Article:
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Effects of method of exposure of crossbred Boer wether goats to Eastern red cedar foliage on cedar consumption

G. Animut1,2, A. L. Goetsch1, R. C. Merkel1, G. Detweiler1, L. J. Dawson3, R. Puchala1, T. Sahlu1, and R. E. Estell4

1E (Kika) de la Garza American Institute for Goat Research, Langston University, Langston, OK
2Animal Science Department, Oklahoma State University, Stillwater, OK
3College of Veterinary Medicine, Oklahoma State University, Stillwater, OK
4USDA, ARS, Jornada Experimental Range, Las Cruces, NM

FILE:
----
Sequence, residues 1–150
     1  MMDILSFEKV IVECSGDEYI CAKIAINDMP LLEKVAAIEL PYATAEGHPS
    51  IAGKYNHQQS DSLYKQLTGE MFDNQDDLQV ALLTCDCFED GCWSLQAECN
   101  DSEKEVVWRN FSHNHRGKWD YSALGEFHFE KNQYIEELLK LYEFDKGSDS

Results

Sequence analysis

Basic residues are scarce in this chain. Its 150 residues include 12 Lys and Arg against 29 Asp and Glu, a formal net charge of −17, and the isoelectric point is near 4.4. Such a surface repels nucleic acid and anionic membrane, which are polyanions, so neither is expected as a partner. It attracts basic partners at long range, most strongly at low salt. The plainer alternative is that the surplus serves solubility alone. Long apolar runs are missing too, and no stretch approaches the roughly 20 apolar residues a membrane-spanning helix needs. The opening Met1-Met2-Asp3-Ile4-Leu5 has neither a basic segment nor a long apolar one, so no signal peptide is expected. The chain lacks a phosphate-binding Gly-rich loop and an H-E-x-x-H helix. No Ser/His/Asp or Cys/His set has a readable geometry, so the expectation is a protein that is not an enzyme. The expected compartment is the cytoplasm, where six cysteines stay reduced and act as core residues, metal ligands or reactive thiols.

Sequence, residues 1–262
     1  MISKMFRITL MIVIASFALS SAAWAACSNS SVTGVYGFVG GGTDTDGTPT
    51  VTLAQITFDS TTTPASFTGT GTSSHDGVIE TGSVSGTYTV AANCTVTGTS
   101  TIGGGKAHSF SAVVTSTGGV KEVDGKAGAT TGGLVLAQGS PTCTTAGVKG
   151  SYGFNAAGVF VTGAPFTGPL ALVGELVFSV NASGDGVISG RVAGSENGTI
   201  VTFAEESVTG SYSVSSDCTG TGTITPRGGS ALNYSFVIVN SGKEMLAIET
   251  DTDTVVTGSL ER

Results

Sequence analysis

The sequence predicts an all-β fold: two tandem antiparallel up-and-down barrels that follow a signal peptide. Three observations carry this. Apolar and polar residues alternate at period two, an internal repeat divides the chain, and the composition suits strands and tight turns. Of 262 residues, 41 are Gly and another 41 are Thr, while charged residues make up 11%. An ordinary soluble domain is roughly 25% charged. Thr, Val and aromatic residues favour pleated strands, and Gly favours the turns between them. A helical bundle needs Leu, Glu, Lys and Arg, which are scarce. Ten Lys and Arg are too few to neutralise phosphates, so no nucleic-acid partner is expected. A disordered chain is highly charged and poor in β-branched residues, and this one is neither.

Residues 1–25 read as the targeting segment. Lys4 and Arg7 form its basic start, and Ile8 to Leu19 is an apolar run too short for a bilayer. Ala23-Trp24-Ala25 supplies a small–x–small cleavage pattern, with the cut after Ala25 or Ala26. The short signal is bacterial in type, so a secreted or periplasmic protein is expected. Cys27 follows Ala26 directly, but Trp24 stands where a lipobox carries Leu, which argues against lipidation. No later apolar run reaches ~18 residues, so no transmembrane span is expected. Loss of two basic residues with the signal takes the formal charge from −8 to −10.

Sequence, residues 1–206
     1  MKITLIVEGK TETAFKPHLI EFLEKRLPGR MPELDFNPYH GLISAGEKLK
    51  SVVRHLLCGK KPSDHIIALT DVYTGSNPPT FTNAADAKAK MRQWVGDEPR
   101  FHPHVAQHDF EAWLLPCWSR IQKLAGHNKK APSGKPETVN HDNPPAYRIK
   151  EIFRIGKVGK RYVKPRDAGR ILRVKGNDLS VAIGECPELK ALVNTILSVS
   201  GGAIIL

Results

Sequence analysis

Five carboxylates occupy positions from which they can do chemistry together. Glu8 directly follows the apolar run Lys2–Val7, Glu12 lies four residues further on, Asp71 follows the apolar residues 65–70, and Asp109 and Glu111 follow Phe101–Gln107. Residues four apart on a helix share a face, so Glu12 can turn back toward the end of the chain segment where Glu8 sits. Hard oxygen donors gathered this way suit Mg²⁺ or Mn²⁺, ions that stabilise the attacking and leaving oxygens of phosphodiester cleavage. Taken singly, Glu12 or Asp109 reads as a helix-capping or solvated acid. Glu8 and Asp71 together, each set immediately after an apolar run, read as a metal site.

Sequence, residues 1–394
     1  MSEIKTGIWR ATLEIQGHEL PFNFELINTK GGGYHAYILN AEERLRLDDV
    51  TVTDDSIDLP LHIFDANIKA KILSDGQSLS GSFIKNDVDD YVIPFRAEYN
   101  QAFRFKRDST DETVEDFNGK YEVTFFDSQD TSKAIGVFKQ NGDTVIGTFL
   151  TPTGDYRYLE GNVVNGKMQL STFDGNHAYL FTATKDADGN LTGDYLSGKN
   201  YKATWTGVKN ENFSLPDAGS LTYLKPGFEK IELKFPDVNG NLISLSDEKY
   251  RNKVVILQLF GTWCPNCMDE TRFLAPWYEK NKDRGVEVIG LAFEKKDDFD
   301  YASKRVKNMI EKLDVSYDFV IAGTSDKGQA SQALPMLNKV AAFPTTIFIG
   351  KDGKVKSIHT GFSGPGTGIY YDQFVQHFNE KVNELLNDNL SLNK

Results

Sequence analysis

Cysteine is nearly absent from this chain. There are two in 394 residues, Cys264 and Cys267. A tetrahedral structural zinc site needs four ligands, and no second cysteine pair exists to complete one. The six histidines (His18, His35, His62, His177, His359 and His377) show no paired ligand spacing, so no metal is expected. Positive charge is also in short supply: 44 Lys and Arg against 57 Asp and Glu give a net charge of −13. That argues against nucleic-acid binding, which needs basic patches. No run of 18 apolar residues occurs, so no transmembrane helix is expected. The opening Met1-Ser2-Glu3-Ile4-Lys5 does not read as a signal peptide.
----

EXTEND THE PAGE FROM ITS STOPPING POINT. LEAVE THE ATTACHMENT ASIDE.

This study was conducted to determine effects on present and future consumption of Eastern red cedar (Juniperus virginiana) foliage (CF) by goats of stepwise increases in dietary level of CF compared with a constant relatively high level and subsequent availability of low-quality forage. Twenty-four yearling wethers (23.5 ± 2.31 kg initial BW) were penned individually in Phases 1 and 3. In Phase 1 (8 wk), a concentrate-based diet (12.6% CP and 35.5% NDF) was offered at approximately 85% of the maintenance energy requirement alone (Control) or with weekly stepwise (Step) increases in substitution of CF for concentrate (0, 1.25, 2.5, 5, 10, 15, 20, and 25% in wk 1-8, respectively; DM basis) or substitution of 25% CF in wk 2-8 (Set). Wethers grazed grass pasture in Phase 2 (6 wk). In Phase 3 (2 wk), all wethers were offered the 75% concentrate, 25% CF diet, without or with separate free-choice offering of prairie hay. CF was harvested weekly from male trees and refrigerated; CF and concentrate were hand-mixed prior to feeding. In Phase 1, average total DMI was similar among treatments. Intake of CF as a percentage of that offered was greater (P < 0.05) for Step vs Set in wk 3-8 (wk 3: 86 and 48; wk 4: 89 and 56; wk 5: 94 and 71; wk 6: 96 and 81; wk 7: 93 and 63; wk 8: 96 and 84), although CF intake as g/d was greater (P > 0.05) for Set vs Step in all but wk 7 and 8. In Phase 3, concentrate intake was similar among treatments, and hay intake when offered averaged 149, 134, and 124 g/d for Step, Set, and Control, respectively. For wethers not receiving hay, CF intake as g/d for Step was greatest among treatments (P < 0.05) but was not different from treatments offered hay (67, 37, 30, 55, 53, and 56 g/d for Step, Set, Control, Step+hay, Set+hay, and Control+hay, respectively; SE = 7.1). Similarly, CF intake as a percentage of offered CF ranked (P < 0.05) Step > Set > Control without hay, but was not different between Step without hay and treatments with hay (78, 41, 34, 61, 57, and 60% for Step, Set, Control, Step+hay, Set+hay, and Control+hay, respectively; SE = 7.6). In conclusion, gradual increases in dietary level of CF deserve further research as a potential means of elevating present and future CF consumption, with attention also directed to type and level of other feedstuffs offered.


 

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